“We’ve students who are already working on building and launching the two at the Malindi Space Centre. We’re working with the University of Rome.”

The launch was pushed to August after seven professors involved in the project from Rome tested positive for Covid-19.

“We were expecting nine professors from the University of Rome to join us to witness these students launching the mini-rockets, but unfortunately seven tested positive for Covid-19,” Mr Arwasa said.

The benefits of having satellites in space include selling data collected to other countries. It also means the availability of quality data for use in making efficient decisions in the fight against climate change, promotion of national security, enhancement of agriculture, learning, identifying areas with minerals through earth observation.

KSA, Mr Arwasa said, will ensure information is centralised and accessible to all to avoid duplication. - Mary Wambui, The EastAfrican

As recently as 10 years ago, Africa’s technology industry was sparse. But as a result of advancements in mobile phone technology as well as better internet connections, the continent has transformed — unearthing countless innovators and entrepreneurs who make use of tech to solve everyday problems.

Out of 1.3 billion Africans, there are 477 million unique mobile subscribers, with the mobile industry contributing $155 billion to the continent’s GDP in 2019, according to data from the Global Systems for Mobile Communications (GSMA).

Nigeria, Africa’s most populous country, has 90 tech hubs — the most on the continent. In 2019, one report found startups in Nigeria raised nearly $400 million, more than double the amount from the previous year.In recent years, the West African nation has become an incubator for some of the continent’s biggest startups — including online marketplace place Jumia and Andela, a talent accelerator.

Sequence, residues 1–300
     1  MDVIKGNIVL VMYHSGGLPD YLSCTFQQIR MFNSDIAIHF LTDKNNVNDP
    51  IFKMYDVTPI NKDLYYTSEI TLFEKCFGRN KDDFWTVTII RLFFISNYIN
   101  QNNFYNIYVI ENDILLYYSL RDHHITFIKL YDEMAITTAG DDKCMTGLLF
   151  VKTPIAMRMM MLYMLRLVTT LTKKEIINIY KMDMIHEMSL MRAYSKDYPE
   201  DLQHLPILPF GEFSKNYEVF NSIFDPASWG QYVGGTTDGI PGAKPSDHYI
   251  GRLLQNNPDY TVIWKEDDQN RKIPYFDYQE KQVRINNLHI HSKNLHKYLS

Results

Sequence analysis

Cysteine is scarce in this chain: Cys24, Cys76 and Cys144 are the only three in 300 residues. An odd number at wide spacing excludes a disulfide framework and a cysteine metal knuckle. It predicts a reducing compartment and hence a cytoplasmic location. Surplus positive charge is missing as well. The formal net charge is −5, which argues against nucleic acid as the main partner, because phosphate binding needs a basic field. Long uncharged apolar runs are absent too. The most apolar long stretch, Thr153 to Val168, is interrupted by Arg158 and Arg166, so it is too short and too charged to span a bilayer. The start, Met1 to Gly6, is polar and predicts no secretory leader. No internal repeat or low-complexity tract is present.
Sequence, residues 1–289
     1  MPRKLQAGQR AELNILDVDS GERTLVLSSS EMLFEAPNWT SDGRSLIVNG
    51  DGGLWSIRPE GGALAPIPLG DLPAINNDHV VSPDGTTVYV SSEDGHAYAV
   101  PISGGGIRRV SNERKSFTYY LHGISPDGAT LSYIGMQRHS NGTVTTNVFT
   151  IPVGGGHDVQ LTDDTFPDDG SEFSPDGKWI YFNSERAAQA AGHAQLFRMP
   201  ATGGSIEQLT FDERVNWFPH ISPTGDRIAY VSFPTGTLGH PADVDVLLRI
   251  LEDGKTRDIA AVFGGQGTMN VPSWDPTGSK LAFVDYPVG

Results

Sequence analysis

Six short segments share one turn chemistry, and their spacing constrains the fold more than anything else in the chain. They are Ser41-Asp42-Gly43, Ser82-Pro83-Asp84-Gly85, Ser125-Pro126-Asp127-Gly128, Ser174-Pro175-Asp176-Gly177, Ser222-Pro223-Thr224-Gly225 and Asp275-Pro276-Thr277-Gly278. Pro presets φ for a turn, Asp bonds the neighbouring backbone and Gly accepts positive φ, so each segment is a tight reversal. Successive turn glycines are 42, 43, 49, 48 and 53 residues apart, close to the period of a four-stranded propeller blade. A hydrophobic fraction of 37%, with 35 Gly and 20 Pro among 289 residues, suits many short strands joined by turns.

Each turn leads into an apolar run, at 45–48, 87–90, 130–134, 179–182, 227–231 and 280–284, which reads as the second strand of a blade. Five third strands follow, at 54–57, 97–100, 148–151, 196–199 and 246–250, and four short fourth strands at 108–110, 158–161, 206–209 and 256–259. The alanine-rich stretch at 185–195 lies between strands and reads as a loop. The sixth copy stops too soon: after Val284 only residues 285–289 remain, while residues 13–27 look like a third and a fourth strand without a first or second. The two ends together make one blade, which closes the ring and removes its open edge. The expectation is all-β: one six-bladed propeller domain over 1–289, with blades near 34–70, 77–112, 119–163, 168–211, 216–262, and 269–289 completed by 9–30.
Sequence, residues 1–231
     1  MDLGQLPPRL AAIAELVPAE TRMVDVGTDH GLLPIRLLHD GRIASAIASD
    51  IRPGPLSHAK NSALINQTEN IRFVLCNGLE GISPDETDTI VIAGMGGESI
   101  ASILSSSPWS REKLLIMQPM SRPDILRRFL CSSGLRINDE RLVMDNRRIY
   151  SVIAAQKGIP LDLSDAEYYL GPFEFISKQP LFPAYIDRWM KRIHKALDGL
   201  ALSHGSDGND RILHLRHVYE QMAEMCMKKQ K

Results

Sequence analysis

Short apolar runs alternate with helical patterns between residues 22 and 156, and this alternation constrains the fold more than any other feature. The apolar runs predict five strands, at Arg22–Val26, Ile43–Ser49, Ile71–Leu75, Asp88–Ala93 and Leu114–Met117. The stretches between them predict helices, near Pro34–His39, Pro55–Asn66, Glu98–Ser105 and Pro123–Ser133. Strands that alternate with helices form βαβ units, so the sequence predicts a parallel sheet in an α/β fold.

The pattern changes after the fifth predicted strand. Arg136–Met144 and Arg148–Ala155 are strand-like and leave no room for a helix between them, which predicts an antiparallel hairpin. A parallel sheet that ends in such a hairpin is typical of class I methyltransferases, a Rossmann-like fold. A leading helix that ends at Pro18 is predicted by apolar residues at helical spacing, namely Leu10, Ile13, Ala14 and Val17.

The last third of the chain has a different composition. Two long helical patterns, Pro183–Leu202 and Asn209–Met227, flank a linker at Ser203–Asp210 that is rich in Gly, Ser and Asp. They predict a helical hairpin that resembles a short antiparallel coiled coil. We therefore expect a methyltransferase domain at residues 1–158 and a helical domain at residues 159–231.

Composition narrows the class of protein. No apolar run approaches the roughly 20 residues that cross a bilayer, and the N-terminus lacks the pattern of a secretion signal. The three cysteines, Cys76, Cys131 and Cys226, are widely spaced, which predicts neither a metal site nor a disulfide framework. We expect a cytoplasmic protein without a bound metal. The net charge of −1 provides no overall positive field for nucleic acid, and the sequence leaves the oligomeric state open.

The result is a generation of tech entrepreneurs or “techpreneurs” whose startups and innovations are helping to improve the lives of people in Nigeria and beyond. CNN spoke to three startup founders to understand how they are shaping the country’s technology ecosystem.

The innovation pioneer

Bosun Tijani, Co-Creation Hub founder & CEO

Bosun Tijani founded CcHUB in 2010. 

Co-Creation Hub (CcHUB) is one of Africa’s largest networks of tech talent, with a presence in Nigeria, Kenya and Rwanda. Bosun Tijani, founder of the innovation center, told CNN that he started CcHUB to create a space for Africans to develop life-changing tech.

Since its creation in 2010, it has served as a meeting place for innovators and entrepreneurs to share their plans and execute ideas, especially in Lagos, Nigeria’s commercial center.

“Science and technology can leapfrog development across Africa … there are so many smart people on this continent, we just need to build a platform that will enable them to create,” Tijani said. Through CcHUB, the entrepreneur has been able to provide tech startups with resources needed to grow their ideas into sustainable businesses.

Beginning in 2016, for example, through its 18-month incubation program, the hub helped provide the founder of Lifebank, a health logistics company in Nigeria, with a workspace, expert advice on how to incorporate tech into her business, and funding.But for Tijani, it is not just about supporting other techpreneurs.

He recently launched STEM Cafe, a learning center in Lagos, where kids can dream up big ideas through Science, Technology, Engineering and Math (STEM).There, children engage in a series of activities and informal sessions including coding challenges, computer games and prototyping with 3D printers.

“I want to build a generation of people in Africa with strong belief in science, people that are comfortable in science that can apply science to change things,” Tijani said. The cafe, he said, does not use regular school curriculums — instead, it applies a non-linear way of teaching that encourages kids to be creative and to innovate. “It’s a free space, we don’t judge … what we want to achieve here is to build creative confidence in kids.” HowAfrica